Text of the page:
When you think of someone becoming a whistleblower, you may think of famous cases like Deep Throat and Watergate in the 70’s, Mark Whitacre and the price-fixing case that made national headlines in 1992, the fraud investigator who discovered Bernie Madoff’s crimes, and other headline-news events.
Being a whistleblower on fraud doesn’t usually end up on the six o’clock news, however.
Often, it looks more like everyday American citizens who stumble upon fraud being perpetrated against the state or federal government. When these citizens bring this information to the light, they become qui tam (KEE-tam) whistleblowers.
Many whistleblowers work for the institutions or people they discover are committing fraud. If you have discovered that your employer is defrauding the United States government, you may wonder whether or not it’s safe to bring your suspicions or knowledge to light.
Here are some tips for protecting yourself when becoming a qui tam whistleblower.
We are in no way saying to say nothing about your suspicions to anyone. What we are saying is not to become involved in what might be considered gossip. Telling your friends, the other parents at your kid’s Little League games, or even just chatting with the cashier at your favorite gas station might end up with your employer becoming aware of your knowledge.
In a right-to-work state, you might find yourself unemployed and denied further access to the very documentation or information you need to prove your suspicions and protect yourself in a court of law.
Although the whistelblower in a qui tam case is often awarded a certain percentage of what the federal government is able to recover if the fraud claims are proven to be accurate, it is not recommended that a potential qui tam whistleblower ask publicly about these amounts or discuss potential monetary gains prior to their initial meeting with an attorney or legal representative.
Instead, speak with that legal representative as soon as you can. Bring along any documentation you’ve been able to procure that you think supports your suspicion of fraud being perpetrated against the state or U.S. government.
Employers committing fraud against the United States Government may rely on intimidation or threats of firing or other punishments in order to keep their employees from taking their knowledge to an attorney experienced in qui tam court cases.
As a qui tam whistleblower, you have rights.
Under Section 3730(h) of the False Claims Act, any employee discharged, demoted, harassed, or discriminated against because of their lawful act (bringing an action under the False Claims Act) is entitled to relief “necessary to make the employee whole.”
What counts as “relief” under the False Claims Act?
The breadth and scope of the relief due to whistleblowers under the False Claims Act is under some consideration in the courts, so it’s important to keep that in mind.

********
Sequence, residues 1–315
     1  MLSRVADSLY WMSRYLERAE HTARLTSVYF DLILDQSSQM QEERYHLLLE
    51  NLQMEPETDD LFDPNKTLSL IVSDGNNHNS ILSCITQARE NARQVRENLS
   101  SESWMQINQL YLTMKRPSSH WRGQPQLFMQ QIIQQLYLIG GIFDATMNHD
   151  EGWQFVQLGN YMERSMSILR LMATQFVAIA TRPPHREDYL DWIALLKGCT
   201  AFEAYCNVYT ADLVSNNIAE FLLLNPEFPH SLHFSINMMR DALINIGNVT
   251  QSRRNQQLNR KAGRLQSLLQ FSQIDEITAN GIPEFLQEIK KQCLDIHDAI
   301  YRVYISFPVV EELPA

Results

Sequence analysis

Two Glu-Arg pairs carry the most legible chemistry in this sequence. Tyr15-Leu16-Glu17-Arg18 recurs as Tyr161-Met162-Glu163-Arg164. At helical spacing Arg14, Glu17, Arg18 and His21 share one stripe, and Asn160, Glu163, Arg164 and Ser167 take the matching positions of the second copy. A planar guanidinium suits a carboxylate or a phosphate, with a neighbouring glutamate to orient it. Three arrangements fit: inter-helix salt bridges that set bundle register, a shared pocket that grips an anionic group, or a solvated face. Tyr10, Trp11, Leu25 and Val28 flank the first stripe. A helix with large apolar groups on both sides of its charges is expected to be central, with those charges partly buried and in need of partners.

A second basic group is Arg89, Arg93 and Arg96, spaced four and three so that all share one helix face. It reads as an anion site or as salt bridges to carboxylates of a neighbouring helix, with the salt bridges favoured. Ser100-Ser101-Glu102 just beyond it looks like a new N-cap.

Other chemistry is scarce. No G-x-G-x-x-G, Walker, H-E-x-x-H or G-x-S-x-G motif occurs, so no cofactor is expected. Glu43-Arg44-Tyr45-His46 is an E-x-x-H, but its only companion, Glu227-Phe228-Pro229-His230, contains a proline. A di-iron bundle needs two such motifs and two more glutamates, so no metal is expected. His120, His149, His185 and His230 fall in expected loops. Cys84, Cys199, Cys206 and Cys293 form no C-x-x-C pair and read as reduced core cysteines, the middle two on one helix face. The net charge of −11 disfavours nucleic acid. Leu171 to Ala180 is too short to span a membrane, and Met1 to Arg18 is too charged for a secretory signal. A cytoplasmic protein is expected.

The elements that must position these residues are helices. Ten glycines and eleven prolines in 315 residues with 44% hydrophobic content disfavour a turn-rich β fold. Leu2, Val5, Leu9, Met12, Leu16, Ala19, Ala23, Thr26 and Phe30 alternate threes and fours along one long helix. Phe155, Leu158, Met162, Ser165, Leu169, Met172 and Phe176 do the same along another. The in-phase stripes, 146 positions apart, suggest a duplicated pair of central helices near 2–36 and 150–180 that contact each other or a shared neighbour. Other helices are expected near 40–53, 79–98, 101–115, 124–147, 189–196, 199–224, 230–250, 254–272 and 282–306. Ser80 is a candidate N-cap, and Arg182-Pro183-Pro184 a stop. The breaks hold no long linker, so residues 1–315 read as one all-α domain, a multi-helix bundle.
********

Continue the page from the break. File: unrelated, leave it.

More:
When you contact your legal representative, be sure to indicate to them whether you believe the fraud is against the United States Government or the South Carolina government (or both), as this may change the process and what steps your attorney may advise you to take for protection of your interests.
You may have as little as three years from the time you become aware of your employer or the person you know committing fraud against the South Carolina or United States Government to bring action under the False Claims Act.
You may be able to present evidence of fraud going back as much as ten years so it’s important to keep this date in mind when you are collecting documentation and scheduling your consultation with a legal representative.
Qui tam cases under the False Claims Act can be very complex and complicated to maneuver, and you’ll want to know the ins and outs of what to expect before any litigation really begins. As such, we strongly recommend that you not take your knowledge public without prior consultation with an attorney or other legal representative if you plan to bring a claim under the False Claims Act.
Check out our first post on qui tam cases in South Carolina to help you understand how to get started.
If you suspect your employer or another individual of defrauding the state or federal government, it’s important to meet with a legal representative right away. Whether you’re working for a large defense contractor committing fraud or you’ve been the witness to Medicaid or Medicare fraud, it’s important to have a good idea of what will happen during any court cases that may occur and what percentage of the potential financial recovery you may be entitled to under the False Claims Act.
At BNTD Law, we have experience working with qui tam whistleblower cases in South Carolina, and we’d be happy to meet with you to discuss the unique situation you have uncovered and help you to decide on your next step. Contact us by phone at (803) 779-7599 or contact us online today to request you FREE consultation!